“All you get is $200?” My friend asked incredulously. “Why would you work for so little?”
I leaned against the wall. “I mean, I guess I just love doing it. I would do it for free.”
“Still!” She said, spinning slightly in her chair. “It’s the principle of the thing.”
“Well, I don’t know. I guess I just really like it. I mean, journalism is what I want to do. Working for the paper is part of that.”
I walked home that night from the newsroom at 2:30 am.
This year, I will spend every Wednesday night locked in a back room of the student union, furiously reading, editing, re-reading, re-editing, panicking slightly, then reading again. Once the paper is sent to the printer–sometime between 11 and midnight–we start uploading the stories to the website, scheduled to be published in the morning.
At 1 am, it’s often me and my co-assistant editor blearily copy/pasting stories into WordPress, our editor-in-chief sticking it out with us until the end. The room is quiet, except for a few questions and maybe some soft music.
For some, there is nothing appealing in these long nights, and I understand. Sneaking into your room at 2 am leaves little time for homework or sleep. Stuffing interviews between classes and rewrites into scraps of weekend means your calendar is your best friend.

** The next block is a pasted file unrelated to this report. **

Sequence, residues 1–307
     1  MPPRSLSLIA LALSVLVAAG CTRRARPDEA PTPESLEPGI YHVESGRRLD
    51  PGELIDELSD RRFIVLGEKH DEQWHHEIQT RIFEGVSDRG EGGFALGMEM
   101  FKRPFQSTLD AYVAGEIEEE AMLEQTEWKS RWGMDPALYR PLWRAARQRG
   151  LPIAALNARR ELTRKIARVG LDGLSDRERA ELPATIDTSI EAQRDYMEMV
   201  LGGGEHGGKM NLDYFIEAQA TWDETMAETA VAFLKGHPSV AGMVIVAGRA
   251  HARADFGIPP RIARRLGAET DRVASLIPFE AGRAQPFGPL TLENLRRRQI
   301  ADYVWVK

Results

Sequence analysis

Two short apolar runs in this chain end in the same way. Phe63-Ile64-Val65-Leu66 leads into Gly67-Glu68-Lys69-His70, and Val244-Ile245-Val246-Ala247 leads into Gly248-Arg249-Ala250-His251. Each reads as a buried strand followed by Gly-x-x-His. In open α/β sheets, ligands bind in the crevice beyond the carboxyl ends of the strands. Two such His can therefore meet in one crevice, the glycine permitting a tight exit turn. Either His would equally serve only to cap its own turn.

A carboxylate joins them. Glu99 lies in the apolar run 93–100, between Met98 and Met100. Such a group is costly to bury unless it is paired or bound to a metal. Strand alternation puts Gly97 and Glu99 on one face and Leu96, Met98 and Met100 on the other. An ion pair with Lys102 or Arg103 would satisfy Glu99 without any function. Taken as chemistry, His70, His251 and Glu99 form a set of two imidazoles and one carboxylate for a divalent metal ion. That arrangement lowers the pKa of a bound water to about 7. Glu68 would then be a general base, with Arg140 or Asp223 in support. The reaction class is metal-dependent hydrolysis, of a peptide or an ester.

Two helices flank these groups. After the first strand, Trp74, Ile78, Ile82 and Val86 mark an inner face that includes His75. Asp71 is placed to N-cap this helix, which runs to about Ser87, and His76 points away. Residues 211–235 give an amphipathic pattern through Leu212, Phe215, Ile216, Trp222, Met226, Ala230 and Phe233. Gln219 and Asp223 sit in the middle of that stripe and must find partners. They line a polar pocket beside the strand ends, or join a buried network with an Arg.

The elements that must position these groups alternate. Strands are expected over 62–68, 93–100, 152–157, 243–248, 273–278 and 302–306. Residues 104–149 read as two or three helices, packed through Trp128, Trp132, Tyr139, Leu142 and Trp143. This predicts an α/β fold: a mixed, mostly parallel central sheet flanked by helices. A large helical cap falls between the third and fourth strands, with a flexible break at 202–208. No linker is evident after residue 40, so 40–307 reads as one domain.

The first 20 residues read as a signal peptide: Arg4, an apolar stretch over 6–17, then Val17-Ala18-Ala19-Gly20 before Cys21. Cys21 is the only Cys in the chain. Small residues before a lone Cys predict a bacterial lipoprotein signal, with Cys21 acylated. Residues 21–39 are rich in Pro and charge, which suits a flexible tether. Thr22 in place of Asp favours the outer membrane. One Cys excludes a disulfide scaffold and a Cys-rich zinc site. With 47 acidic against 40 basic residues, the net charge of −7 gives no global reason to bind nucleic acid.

But I can’t imagine doing anything else.
It becomes addicting. I have the opportunity to attend events and speak with people I normally wouldn’t. I get to poke around in the inner workings of people and places and times.
Journalism is not just about politics or crime or the latest news. It is about stories. Those aspects are part of that, but journalism is essentially story-telling.
Well-written, fact-checked, AP-stylized storytelling, but storytelling all the same.
Journalism has granted me the privilege of telling the stories of the people around me. I am a voice for those who need it, a lens through which people can read about the interesting bits of life. Even when I write on things that aren’t of explicit interest to me, I still love it. When you get the opportunity to talk to people passionate about what they do, about what they love, you cannot help but get excited too. You cannot help but want to tell their story.
Journalism feeds my sense of adventure, but gives it a purpose. The adventure is no longer for its own sake, but to share it with others, too.
Seeing people read my articles, knowing I told a story they hadn’t previously heard, that I possibly inspired action or brought up emotion, is why I want to be a journalist. Through journalism, I am a storyteller, and stories are a powerful tool.
Being a storyteller makes the odd hours, late nights, stressed rewrites, long events, and, yes, even the low pay worth it.
All of it, somehow, means my favorite place in the world is the little back room on Wednesday nights, stuffed to the brim with papers and people, sipping on coffee, sharing stories with the world.
Perhaps, they pay me too much.